Advice For Kids and Teens
Perseverance is an important lesson Cooper learned as she began training and competing with Jersey. “In the beginning, I often got discouraged because it wasn’t the easiest to learn how to best work with Jersey. It was a huge accomplishment to get her to do a trick outside of the house, then at the park, then at a training facility, then without treats, then with a lot of dogs around, and so on.”
As they kept working together and Cooper gained more skills as a trainer, the duo began developing a strong working relationship. Cooper explains that it was a matter of figuring out how to best reinforce and motivate Jersey in distracting environments. “Once I figured out the right way to motivate her and how she learns best, new tricks and behaviors came quickly.”
For kids and teens thinking that dog shows look like a lot of fun, Cooper encourages them to give it a try. Even though she was initially very nervous about trying to get involved, she’s very glad she took the chance. She remembers feeling concerned about whether people would take her seriously or be willing to help her learn because of her age, but discovered that her fears were unfounded. “The majority of the people I have met have been so kind and welcoming.”
Cooper suggests finding classes to attend to learn more about what you’re interested in and meet people involved in those events. From her experience, “most people are happy to see a junior participating in sports” and are eager to help them get involved.
An Eye on the Future
Thanks to her experience as a junior handler, Cooper has now found what she hopes will be a life-long passion. Dog sports have also deepened her love of Vizslas as a breed. “Ever since getting Jersey, I’ve loved Vizslas, but I’d really only met a few before getting into dog sports and attending a couple of shows,” she says. “After meeting some wonderful well-bred Vizslas, I know for sure I never want to be without at least one.”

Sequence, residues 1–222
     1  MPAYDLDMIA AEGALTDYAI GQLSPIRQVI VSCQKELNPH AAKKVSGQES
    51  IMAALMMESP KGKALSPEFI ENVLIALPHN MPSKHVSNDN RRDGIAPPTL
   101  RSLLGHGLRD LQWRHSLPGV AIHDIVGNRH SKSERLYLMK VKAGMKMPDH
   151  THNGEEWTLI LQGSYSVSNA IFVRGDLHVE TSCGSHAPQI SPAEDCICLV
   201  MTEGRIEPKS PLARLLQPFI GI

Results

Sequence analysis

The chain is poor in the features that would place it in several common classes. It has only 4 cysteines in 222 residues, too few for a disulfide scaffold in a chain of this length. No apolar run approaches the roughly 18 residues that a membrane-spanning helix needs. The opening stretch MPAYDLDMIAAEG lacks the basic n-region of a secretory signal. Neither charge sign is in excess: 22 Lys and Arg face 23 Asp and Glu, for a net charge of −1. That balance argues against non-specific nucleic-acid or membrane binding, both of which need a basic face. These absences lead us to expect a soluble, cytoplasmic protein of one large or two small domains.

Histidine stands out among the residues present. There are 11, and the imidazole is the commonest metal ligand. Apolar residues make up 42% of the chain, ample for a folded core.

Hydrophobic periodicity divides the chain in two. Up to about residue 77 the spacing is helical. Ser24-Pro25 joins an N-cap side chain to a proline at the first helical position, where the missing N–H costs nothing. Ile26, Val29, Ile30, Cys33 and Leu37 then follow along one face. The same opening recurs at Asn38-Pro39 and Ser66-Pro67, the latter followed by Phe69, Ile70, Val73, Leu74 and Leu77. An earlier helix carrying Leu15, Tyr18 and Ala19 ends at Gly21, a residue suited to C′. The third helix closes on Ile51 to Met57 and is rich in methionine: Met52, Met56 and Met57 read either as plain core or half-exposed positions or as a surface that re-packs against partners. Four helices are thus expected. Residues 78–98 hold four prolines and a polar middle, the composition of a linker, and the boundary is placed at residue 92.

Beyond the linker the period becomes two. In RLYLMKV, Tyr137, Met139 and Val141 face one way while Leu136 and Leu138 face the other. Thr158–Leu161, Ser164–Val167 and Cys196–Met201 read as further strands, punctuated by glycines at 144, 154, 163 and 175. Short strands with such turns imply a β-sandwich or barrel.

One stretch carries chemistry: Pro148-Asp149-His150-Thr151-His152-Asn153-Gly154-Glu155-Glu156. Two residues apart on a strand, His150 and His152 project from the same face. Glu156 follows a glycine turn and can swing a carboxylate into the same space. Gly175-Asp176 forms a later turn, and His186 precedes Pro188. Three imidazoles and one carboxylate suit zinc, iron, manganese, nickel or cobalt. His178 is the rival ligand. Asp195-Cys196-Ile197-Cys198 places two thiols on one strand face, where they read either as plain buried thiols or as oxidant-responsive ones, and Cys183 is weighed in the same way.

Jersey and Cooper have a busy fall planned with Fast CAT, Updog, Dock Diving, Barn Hunt, Rally, and hopefully an Agility trial. In addition, Cooper hopes to enter Junior Showmanship for the first time at a local show next February and is “excited to learn more about the world of conformation.”
For Cooper, the competitions and the wins are fun and she’s very proud of what she and Jersey have accomplished, but what’s most important is the relationship. “The Qs, titles, and ribbons are great,” she says. “But what I enjoy most is strengthening the bond between me and Jersey and seeing how much she loves giving her all at anything we try.”
Getting Started in AKC Juniors
Teens and children under 18 have the chance to learn about good sportsmanship, dogs, and dog shows, and develop their handling skills with the AKC Juniors Program.
Juniors are eligible to compete in Showmanship, Obedience, Agility, Rally, Tracking, Hunt Tests, Herding, Field Trials, Earthdog, Lure Coursing, Coursing Ability, Coonhound Events, and more. There is no minimum age requirement for sports other than Showmanship (where you must be nine).
If your child is interested in becoming a junior, they should first watch a dog show and sign up for a class. Juniors under 18 years old can sign up for a Junior Handler number here. This number will let them both take classes and compete.
Junior participation in AKC sports will be recognized through the AKC Junior Recognition Program and at the end of the year, AKC will award the Junior Versatility Awards and Scholarships. You can go to this link to learn more about the AKC Junior Recognition Program.
For more information, email your questions to Juniors@akc.org.